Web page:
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01st Jan 2017

The Irish government is getting serious about beating online trolls

Rosanna Cooney

Harmful online content watchdog

A new watchdog will act on behalf of victims of online abuse.

Cyber-bullying, revenge porn and online abuse, are features of our tech world and the impact on the victims of online abuse is inestimable. Until now in Ireland, the law has been unclear on the responsibility of sites like facebook and Twitter for removing content deemed to be offensive.

This is set to change.

Minister for Communication Denis Naughten, is setting up a new watchdog to tackle online abuse.  Until now it has been at the discretion of social media sites to monitor and remove offensive material, this is often ineffective and enduring damage can occur before Takedown procedures are enacted.

Complaints by young people to The Law Reform Commission have previously highlighted how difficult it is to get facebook to remove harmful content and the new watchdog intends to act upon this, enforcing removal by law.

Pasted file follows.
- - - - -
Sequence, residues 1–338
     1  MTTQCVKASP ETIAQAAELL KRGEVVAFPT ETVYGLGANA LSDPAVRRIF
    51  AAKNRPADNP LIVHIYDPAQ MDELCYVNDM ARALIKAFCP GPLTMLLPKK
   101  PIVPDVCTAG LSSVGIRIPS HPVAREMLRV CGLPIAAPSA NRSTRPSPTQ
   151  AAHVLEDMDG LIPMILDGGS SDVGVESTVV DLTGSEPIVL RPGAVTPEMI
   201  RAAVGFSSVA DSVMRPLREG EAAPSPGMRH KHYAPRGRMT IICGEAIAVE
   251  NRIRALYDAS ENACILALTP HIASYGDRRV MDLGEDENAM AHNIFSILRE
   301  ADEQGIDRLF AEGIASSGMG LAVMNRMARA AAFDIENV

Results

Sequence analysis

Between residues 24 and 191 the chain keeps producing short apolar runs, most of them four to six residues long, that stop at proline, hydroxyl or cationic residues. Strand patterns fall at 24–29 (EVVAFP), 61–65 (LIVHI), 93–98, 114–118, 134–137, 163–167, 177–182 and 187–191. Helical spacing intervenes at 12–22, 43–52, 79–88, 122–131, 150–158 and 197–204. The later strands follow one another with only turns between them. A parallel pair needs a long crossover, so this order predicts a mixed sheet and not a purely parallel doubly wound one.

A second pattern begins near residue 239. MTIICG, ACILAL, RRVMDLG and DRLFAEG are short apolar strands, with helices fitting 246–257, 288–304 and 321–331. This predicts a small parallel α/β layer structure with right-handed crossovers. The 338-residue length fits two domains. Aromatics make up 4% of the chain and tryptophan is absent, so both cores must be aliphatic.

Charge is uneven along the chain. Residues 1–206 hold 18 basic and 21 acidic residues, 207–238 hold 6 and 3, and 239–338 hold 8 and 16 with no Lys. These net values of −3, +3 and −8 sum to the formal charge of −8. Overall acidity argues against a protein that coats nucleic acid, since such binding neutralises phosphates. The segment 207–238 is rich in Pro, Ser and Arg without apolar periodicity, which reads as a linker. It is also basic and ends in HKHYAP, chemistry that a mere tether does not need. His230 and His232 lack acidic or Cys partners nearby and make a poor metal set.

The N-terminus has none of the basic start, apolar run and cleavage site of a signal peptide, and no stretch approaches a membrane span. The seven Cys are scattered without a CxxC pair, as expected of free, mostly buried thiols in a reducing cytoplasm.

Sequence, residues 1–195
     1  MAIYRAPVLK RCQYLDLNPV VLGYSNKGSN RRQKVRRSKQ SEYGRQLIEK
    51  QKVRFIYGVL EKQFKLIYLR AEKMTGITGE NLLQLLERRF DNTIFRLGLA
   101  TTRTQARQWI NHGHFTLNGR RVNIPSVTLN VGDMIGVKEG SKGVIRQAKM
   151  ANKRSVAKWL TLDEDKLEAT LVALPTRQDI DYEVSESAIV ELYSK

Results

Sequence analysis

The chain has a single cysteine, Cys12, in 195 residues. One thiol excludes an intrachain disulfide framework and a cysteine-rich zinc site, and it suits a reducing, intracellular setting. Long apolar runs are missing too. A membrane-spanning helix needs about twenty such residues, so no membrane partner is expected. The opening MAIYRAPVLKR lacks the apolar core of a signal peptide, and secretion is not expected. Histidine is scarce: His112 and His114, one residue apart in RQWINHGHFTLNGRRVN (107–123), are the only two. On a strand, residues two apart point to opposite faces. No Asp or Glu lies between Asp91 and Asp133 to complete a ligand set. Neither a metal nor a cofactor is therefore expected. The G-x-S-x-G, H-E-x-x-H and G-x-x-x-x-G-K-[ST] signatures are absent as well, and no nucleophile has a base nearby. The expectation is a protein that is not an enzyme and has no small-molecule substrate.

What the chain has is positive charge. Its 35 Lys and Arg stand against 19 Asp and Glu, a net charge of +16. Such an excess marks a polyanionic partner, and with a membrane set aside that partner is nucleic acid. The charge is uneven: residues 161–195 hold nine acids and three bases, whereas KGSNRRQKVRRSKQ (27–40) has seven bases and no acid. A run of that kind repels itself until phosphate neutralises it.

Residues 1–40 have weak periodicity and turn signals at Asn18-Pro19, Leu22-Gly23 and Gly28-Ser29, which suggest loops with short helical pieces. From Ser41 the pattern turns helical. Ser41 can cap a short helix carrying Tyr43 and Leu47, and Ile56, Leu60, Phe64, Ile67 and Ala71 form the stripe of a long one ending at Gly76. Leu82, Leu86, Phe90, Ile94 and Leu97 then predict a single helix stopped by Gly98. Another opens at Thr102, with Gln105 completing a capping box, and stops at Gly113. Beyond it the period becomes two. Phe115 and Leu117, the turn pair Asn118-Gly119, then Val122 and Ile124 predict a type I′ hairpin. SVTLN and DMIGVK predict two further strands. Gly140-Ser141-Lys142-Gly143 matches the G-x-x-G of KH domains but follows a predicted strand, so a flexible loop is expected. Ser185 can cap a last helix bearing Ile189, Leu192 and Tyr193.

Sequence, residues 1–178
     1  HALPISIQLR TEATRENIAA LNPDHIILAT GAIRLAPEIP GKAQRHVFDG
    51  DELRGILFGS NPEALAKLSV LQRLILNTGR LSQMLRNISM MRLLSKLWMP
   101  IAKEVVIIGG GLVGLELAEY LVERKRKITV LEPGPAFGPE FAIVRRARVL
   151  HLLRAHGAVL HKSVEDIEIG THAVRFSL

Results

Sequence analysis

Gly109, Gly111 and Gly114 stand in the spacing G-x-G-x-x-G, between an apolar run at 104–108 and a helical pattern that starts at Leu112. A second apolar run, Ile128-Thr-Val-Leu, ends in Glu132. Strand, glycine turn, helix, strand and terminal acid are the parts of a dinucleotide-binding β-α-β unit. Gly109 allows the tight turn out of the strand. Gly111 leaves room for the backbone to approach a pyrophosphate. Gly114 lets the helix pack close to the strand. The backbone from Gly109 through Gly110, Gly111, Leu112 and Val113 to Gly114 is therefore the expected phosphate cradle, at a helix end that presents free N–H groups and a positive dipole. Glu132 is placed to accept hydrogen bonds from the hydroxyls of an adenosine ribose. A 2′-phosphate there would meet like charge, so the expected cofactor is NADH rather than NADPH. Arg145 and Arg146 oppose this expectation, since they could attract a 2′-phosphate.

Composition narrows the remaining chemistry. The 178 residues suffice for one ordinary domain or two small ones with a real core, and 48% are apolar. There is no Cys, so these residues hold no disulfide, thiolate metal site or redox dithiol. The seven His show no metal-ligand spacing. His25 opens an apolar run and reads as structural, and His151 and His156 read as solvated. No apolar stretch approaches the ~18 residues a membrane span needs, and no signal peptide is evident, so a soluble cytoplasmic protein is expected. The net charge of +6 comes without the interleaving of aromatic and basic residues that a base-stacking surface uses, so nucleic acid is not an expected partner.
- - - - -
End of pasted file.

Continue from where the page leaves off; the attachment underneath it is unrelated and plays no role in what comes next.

The new legislation will not only apply to social media sites but also to search engines, online forums, and comment sections on websites.

At present it is decision of the affected individual to bring online companies to court if they refuse to take down offensive material, the financial burden is often an immediate deterrent and as a result victims of online abuse can be faced with a choice of astronomical legal bills or living with hateful material about them still being accessible online.

The new watchdog will act on behalf of individuals and can direct online companies to remove material, if the companies fail to do so, the watchdog can get a circuit court order to remove the material.

Minister for Justice Frances Fitzgerald has also recently been given the green light to make revenge porn illegal and punishable by a maximum of €5000 and/or 7 years in prison. 

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